How to Allocate Enough Space for Home Business

For many people, working from home is a lifestyle thing. Gone are the rush-hour traffic jams and missed buses and trains. Instead you only have to wander through to the spare room – sorry, office – and you can always answer the office phone in your jim-jams if you decide to read the papers in bed or just have a lie-in that morning. But experienced home workers have found a few items of best practice to follow.

If, however, you decide you do need an actual office, you will find that it is in fact much cheaper in many ways to start up now. Telephone answering machines, coffee machines and ever-cheaper computing – enabling everyone to do their own typing – have greatly reduced the need for secretarial support. We are much more streamlined these days and this reduces the cost of premises.

When my partner and I first set up business, we lived in a small flat with no spare room. Within six months not only could you hardly get into the sitting room for papers and files, but also the boots of both our cars were full of office stuff. It is extraordinary how much space you use up to run a business; so allocate yourself the maximum space you can consistent with the family still having a life, rather than the minimum you could manage with.

It is highly desirable to have a whole room for the business. Two main reasons – you are bound to expand, and you need to be able to shut the door on your office at the end of the day. Try not to let things spill over into the living area of the house. I know a couple who work from home each in a separate office. They place their working areas strictly out of bounds for their young children. When the baby-minder is there during the day, they actually communicate with each other by fax and e-mail to avoid going through the living area and being distracted by the children. They believe that home workers need to be even more expert at managing time than office workers, even perhaps to the extent of attending a time-management course. They have strict rules about starting and finishing times. They ban weekend work and generally simulate a situation where their office could be in a different town, let alone building. When the kids are grown up you can be more selfish – one of the great advantages of working from home is you can do your work whenever you want. One of my colleagues, for example, works every Saturday morning and goes fishing during the week when the river banks are quieter.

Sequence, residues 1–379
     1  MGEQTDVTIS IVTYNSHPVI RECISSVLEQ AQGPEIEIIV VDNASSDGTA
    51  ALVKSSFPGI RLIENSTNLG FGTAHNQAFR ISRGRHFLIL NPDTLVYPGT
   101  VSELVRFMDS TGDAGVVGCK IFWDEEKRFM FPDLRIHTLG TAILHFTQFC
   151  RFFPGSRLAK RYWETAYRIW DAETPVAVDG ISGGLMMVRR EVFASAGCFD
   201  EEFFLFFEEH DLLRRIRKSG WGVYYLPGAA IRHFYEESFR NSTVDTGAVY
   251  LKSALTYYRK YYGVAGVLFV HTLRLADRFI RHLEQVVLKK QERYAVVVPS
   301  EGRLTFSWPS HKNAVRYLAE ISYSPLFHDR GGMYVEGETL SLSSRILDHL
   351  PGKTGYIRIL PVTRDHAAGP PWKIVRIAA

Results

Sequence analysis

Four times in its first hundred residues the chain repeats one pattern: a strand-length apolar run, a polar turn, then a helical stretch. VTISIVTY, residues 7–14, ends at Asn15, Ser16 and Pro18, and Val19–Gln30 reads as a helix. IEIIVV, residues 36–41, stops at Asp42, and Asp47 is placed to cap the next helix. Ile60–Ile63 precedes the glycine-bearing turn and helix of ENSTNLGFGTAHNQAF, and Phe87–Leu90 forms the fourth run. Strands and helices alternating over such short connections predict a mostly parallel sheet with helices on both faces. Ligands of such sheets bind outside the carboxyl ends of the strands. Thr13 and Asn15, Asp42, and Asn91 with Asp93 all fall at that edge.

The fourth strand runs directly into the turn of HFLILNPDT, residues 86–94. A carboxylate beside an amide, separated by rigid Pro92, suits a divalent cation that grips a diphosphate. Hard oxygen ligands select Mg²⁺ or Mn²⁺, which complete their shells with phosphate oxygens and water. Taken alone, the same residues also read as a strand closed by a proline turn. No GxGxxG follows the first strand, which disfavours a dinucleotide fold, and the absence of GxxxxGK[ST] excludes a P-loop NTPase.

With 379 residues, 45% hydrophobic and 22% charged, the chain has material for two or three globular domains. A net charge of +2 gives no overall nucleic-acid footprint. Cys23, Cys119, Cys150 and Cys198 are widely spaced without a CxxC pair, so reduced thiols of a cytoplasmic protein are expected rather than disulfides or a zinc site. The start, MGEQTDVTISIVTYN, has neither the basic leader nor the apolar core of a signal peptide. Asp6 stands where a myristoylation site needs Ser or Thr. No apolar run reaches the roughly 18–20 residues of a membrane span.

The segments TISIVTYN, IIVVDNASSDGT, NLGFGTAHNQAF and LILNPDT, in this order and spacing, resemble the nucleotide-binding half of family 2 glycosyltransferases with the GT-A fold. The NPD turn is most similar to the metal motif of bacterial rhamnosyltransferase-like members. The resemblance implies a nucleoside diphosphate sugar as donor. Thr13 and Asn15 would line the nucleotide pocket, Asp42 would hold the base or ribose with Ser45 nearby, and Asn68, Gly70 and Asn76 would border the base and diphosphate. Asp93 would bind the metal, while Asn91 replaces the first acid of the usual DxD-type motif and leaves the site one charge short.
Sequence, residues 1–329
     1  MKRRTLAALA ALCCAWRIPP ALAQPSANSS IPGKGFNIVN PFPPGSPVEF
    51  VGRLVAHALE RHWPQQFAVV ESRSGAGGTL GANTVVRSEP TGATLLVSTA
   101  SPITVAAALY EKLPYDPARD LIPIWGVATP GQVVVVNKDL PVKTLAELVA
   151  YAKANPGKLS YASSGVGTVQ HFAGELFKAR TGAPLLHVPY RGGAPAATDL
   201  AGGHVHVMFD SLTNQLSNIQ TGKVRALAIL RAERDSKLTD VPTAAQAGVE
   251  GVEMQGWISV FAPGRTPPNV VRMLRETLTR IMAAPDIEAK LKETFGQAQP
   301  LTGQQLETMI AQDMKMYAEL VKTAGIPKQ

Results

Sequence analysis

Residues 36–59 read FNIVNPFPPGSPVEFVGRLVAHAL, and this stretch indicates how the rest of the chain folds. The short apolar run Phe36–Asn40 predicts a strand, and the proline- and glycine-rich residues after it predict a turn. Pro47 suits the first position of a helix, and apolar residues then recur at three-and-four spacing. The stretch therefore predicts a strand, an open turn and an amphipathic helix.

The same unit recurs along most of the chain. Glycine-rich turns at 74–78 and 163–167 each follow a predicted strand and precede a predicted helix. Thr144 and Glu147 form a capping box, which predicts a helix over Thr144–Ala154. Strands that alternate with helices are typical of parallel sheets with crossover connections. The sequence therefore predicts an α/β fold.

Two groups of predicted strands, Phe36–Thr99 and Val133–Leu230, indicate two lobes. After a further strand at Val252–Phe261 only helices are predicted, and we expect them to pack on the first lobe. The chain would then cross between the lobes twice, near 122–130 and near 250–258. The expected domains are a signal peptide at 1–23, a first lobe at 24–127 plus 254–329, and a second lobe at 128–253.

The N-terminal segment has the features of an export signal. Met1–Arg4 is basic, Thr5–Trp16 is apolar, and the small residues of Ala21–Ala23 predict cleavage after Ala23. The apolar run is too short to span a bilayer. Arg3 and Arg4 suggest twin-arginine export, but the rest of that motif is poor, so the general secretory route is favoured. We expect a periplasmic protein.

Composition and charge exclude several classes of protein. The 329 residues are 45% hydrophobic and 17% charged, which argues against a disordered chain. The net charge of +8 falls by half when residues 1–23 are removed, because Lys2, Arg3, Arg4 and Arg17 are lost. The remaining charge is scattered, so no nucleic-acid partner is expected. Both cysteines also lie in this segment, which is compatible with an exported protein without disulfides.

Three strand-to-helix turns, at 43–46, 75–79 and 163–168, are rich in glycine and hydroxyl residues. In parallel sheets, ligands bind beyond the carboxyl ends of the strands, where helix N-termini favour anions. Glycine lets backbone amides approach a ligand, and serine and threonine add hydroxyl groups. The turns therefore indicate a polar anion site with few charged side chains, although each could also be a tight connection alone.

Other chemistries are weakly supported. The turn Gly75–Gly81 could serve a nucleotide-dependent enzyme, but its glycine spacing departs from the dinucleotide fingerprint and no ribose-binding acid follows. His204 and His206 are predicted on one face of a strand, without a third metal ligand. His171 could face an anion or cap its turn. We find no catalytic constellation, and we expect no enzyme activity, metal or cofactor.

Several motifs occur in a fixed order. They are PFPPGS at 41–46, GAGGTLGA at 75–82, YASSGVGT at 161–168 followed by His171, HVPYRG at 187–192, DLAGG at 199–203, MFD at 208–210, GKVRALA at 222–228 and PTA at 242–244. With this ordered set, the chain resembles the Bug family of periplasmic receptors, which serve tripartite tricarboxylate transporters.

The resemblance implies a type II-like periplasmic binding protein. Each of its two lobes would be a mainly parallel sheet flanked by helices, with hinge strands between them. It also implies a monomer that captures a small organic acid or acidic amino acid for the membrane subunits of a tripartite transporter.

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About the Author: Marie Mayle is a contributor to the MegaHowTo team, writer, and entrepreneur based in California USA. She holds a degree in Business Administration. She loves to write about business and finance issues and how to tackle them.

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